Noel Whelan: Expect surprises in European elections
Fianna Fáil appear set to regain foothold in Dublin with Barry Andrews
Frances Fitzgerald: Fine Gael voters and many non-Fine Gael voters see her as having been badly treated when she was forced to resign from Cabinet in December 2017. Photograph: Nick Bradshaw
The analysis of election polls and counts inevitably moves quickly in the battles for the later seats in each constituency. Often the dramatic shifts reflected in who won the early seats are glossed over irrespective of how dramatic those achievements are in real terms.
We have already seen a bit of that in the coverage of the current European elections. The only poll published to date on the three euro constituencies was conducted by Ipsos MRBI and carried here in The Irish Times on Friday, May 10th. The poll comes with a higher than usual margin of error but Ipsos MRBI has a good record, particularly at predicting the first-count vote share.
The most emphatic revelations in last week’s poll was the phenomenal support indicated for two Fine Gael female politicians.
Maireád McGuinness polled 26 per cent in the Midlands North and West constituency. It is not surprising given her track record that she would top the poll but the fact that one in every four voters is likely to vote for her is remarkable. If the turnout next week mirrors that in 2014, then McGuinness could get about 180,000 votes, about 50,000 over the quota. Apart from our two former presidents, this would be the highest vote ever achieved by a female politician in Ireland in any election.
The surge in McGuinness’s vote is attributable to her growing standing in the European Parliament where she is now senior vice-president, her prominence and ability in the Brexit debate including on both British and Irish media and the additional vote available now that Marian Harkin is retiring. McGuinness’s vote share is all the more remarkable in circumstances where her Fine Gael running mate also polled 11 per cent.
The other phenomenal level of support indicated in the poll was the 22 per cent for Frances Fitzgerald in Dublin. Brian Hayes, the sole Fine Gael candidate in Dublin in 2014, got just 15.6 per cent. Fitzgerald looks to have nearly half of that again in circumstances where she has a running mate, Mark Durcan, who is polling a respectably, if inadequate, 7 per cent.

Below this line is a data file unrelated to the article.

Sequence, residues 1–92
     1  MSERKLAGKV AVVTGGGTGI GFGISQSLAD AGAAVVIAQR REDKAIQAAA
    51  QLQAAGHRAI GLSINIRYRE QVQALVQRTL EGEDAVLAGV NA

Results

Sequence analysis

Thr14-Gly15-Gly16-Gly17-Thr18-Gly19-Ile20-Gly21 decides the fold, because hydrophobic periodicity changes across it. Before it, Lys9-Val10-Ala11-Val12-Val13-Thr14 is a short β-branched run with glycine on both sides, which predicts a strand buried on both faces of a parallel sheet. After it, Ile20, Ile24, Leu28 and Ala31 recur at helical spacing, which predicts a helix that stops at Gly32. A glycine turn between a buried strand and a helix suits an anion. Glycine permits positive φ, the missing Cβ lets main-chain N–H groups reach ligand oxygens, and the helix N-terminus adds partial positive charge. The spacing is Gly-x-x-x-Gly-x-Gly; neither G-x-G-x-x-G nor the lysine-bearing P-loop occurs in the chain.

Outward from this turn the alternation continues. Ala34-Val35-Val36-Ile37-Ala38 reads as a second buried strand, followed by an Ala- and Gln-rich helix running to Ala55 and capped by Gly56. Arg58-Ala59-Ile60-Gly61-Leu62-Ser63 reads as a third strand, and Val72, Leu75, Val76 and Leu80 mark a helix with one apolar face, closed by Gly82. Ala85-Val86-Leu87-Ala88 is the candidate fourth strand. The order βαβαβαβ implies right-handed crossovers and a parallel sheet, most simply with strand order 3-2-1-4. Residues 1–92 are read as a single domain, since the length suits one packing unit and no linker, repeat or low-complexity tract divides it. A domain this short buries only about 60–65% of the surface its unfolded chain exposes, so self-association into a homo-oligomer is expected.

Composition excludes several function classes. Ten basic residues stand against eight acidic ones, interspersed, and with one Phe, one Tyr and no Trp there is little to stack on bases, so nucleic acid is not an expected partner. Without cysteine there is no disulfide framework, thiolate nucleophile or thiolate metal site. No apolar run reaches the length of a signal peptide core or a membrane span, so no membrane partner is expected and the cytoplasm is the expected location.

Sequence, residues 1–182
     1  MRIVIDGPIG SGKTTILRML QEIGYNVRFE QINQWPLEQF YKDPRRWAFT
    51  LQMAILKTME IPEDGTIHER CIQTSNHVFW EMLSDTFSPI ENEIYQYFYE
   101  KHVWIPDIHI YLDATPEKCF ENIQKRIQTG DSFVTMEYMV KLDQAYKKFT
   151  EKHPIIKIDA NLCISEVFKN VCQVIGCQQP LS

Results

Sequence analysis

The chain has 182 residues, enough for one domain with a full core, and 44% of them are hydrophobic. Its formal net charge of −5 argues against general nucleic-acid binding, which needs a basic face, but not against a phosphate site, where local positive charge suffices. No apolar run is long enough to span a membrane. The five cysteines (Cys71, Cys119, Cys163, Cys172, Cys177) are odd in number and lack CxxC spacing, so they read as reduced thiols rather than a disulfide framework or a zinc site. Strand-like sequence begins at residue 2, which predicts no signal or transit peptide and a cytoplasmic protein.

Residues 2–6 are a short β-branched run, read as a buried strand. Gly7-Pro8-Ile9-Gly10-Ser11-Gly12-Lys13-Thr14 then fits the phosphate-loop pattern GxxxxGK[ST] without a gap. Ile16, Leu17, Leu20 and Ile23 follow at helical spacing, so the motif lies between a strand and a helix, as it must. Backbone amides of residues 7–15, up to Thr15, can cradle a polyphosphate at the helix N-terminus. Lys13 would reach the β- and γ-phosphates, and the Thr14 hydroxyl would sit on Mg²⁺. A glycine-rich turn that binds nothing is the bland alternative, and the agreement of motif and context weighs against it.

The size of Fitzgerald’s vote reflects more than just her profile as a former minister and tánaiste. It is an emphatic statement by Fine Gael voters and by many non-Fine Gael voters that they see her as having been badly treated when she was forced to resign from Cabinet in December 2017. Her massive vote next week will follow on from her exoneration at the Disclosure Tribunal. On first sight of Fitzgerald’s polls figures last week, one Fine Gael wag commented “well she has Jim O’Callaghan – the Fianna Fáil justice spokesperson – to thank for that!”
The size of Fitzgerald’s vote reflects more than just her profile as a former minister and tánaiste
Fianna Fáil will suck up that slagging in circumstances where the same poll has good news for them in Dublin. They haven’t had an MEP in the capital since 2009 and they got only 13 per cent in 2014. Last week’s poll shows their candidate Barry Andrews on 18 per cent. As a former minister himself, the son of a former minister and the nephew of a four-term MEP, Andrews starts out with political advantages. That said, the fact the poll shows him so well-placed in what has been bad terrain for Fianna Fáil of late is an achievement worth pausing to reflect upon.
Another performance worthy of mention is that of Fine Gael’s Seán Kelly on 18 per cent and topping the polls in Ireland South. This is after all his third outing and it is some 16 years since he first came to national prominence as president of the GAA. The surprisingly strong Fine Gael performer in this constituency is Wicklow-based deputy Andrew Doyle. Doyle is a softly spoken but solid Minister of State and the fact that he is on 10 per cent suggests a capacity to garner the agriculture vote and a determination by voters in the Leinster counties in this constituency to have at least one of the seats go to a candidate from their area.
Andrew Doyle is a solid Minister of State and his 10 per cent suggests a capacity to garner the agriculture vote
Another performance of note is that of Luke “Ming” Flanagan who comes in second in Midlands North West on 16 per cent. It is no mean achievement for an MEP without a party machine to hold on to a European Parliament seat. Flanagan has had a low profile in national media over the last five years. He says that this is because it fails to cover his work. He is obviously doing something right however.
Finally, the poll reveals how two young and relatively politically inexperienced candidates could pull off real surprises next weekend. The two I will be watching closely are Fianna Fáil’s Malcolm Byrne, a Gorey-based county councillor who is surprisingly close to the party frontbencher Billy Kelleher in Ireland South; and Fine Gael’s Maria Walsh, a complete political novice who may pull off a second seat for Fine Gael in Midlands North West.